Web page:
Pros and Cons
Despite the overall superiority of SLRs, not every picture-taking situation calls for one; you're unlikely to use an SLR's extensive capabilities for everyday snapshots. SLRs also tend to be larger and weightier than advanced point-and-shoot cameras. And if the ability to record video with your camera appeals to you, an SLR won't make you happy--none of the digital SLR models we tested record video.
The price of digital SLRs is no longer prohibitive, although the models on our chart start at a still-significant $800 without a lens. The latest contender to come out swinging is the $900 Nikon D50, but it arrived too late for us to include in this roundup; click here for a detailed review.
If you want to go digital and you already own a bunch of lenses for a 35mm SLR, consider buying a body from the same maker--unless it's Olympus, whose digital SLRs require specific lenses. Another option if you own Nikon lenses is the Fujifilm FinePix S2 Pro, which comes equipped with a Nikon lens mount.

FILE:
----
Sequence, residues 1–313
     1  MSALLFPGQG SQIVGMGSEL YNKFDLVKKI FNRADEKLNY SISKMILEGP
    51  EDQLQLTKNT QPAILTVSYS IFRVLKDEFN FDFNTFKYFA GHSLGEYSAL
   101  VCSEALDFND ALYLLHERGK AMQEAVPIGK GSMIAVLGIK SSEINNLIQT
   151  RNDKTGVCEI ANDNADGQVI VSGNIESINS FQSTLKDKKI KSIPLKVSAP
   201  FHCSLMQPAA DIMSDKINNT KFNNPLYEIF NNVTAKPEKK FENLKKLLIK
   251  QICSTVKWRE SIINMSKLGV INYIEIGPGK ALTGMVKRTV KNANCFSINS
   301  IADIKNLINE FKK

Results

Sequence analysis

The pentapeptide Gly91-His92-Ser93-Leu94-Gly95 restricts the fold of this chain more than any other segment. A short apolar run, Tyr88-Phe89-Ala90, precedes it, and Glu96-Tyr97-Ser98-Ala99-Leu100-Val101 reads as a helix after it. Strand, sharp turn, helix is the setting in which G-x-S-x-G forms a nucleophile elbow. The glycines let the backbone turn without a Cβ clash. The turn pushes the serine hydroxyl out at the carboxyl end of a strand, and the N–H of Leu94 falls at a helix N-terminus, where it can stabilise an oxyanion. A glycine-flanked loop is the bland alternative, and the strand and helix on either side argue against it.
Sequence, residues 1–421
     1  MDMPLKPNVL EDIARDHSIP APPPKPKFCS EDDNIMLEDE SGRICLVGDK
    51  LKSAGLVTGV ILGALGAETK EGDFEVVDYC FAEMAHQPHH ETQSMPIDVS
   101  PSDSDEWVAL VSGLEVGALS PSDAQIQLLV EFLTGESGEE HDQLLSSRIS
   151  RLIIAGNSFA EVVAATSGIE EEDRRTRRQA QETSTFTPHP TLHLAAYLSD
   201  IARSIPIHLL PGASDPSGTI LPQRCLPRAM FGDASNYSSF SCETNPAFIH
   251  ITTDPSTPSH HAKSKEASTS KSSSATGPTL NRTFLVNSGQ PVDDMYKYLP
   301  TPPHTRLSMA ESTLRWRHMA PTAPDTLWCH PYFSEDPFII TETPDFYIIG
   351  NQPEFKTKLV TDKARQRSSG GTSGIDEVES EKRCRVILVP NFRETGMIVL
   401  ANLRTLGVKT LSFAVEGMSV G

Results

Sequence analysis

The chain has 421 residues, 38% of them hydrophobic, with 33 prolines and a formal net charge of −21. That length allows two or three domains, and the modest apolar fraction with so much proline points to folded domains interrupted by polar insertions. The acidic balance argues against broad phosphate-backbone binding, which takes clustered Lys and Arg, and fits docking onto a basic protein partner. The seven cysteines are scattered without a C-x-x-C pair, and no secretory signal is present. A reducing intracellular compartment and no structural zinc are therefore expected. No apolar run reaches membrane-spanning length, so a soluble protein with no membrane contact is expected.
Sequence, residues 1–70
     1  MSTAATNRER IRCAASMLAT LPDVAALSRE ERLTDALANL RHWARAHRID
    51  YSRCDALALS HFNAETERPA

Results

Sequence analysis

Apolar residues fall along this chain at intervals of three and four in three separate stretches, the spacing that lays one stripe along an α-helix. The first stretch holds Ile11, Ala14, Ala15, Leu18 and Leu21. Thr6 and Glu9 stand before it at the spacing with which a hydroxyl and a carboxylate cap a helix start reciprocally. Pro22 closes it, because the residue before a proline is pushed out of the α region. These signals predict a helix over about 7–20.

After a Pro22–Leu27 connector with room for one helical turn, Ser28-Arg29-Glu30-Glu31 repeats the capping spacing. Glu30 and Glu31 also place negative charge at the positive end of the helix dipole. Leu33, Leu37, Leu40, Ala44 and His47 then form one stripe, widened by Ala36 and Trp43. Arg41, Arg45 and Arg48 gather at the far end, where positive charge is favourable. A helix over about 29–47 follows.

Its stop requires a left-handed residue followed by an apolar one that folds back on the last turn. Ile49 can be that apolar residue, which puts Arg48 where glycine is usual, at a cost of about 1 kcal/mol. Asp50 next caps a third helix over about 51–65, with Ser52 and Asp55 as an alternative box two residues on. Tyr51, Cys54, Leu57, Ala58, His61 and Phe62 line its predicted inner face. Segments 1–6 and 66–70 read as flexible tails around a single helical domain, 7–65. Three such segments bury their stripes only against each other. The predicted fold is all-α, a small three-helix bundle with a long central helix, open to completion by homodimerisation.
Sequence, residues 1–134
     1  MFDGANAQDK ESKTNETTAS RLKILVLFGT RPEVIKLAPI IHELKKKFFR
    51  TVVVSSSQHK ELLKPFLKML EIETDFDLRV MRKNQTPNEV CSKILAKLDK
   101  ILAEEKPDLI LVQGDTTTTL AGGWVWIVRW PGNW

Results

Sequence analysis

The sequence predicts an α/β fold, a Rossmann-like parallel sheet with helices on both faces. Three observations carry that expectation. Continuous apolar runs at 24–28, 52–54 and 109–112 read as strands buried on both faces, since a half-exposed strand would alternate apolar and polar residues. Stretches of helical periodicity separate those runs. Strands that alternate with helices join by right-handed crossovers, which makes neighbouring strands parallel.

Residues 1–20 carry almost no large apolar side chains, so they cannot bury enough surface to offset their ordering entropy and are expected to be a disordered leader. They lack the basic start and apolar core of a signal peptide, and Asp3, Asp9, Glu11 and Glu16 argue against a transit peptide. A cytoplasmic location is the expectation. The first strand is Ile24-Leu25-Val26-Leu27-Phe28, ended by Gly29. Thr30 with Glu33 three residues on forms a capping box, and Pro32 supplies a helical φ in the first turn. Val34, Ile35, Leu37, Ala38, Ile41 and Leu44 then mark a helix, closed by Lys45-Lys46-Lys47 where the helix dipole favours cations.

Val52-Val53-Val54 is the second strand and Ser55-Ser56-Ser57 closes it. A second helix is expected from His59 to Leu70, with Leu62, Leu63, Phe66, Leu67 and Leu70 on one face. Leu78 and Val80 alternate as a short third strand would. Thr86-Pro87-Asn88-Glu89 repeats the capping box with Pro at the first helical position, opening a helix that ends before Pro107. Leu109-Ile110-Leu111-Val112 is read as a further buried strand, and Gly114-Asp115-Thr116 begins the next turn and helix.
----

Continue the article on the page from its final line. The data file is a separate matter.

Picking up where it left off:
For in-depth reviews of the cameras discussed in this article, click on the following links:
- Canon EOS 20D
- Canon EOS Digital Rebel XT
- Fujifilm FinePix S2 Pro
- Konica Minolta Maxxum 7D
- Nikon D70s
- Olympus EVolt E-300
- Pentax *ist DS